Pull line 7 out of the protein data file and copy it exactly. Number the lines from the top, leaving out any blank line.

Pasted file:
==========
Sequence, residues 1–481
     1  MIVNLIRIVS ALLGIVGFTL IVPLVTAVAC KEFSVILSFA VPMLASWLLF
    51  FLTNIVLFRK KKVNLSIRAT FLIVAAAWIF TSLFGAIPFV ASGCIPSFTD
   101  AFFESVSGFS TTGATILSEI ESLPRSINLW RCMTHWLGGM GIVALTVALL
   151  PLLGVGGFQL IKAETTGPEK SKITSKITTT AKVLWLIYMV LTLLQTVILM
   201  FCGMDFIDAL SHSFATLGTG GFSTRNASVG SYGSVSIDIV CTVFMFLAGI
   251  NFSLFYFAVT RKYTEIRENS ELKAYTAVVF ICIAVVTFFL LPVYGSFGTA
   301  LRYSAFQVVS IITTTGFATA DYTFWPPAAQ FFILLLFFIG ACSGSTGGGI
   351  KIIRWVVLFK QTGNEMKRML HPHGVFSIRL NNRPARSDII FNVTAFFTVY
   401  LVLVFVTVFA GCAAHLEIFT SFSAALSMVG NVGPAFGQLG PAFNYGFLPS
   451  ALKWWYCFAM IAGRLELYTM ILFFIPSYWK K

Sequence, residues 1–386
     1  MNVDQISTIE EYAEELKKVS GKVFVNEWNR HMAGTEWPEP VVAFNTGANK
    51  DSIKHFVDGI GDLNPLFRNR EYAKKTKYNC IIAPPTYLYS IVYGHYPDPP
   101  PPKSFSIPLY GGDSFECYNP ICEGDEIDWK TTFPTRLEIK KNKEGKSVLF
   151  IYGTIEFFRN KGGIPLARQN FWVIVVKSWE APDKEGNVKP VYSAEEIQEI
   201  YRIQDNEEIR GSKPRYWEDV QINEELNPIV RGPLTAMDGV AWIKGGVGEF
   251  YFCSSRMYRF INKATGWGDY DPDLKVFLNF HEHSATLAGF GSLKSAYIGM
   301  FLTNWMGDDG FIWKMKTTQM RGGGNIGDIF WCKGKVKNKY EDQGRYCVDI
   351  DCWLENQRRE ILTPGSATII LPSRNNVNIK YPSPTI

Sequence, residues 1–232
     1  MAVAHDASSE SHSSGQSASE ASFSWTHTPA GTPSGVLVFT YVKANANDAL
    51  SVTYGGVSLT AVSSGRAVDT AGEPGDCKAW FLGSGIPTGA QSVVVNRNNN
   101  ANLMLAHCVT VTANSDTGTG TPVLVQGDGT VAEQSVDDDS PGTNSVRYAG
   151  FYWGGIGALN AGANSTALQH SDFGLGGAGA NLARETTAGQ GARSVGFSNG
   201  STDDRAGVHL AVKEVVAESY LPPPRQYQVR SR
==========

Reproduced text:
   251  NFSLFYFAVT RKYTEIRENS ELKAYTAVVF ICIAVVTFFL LPVYGSFGTA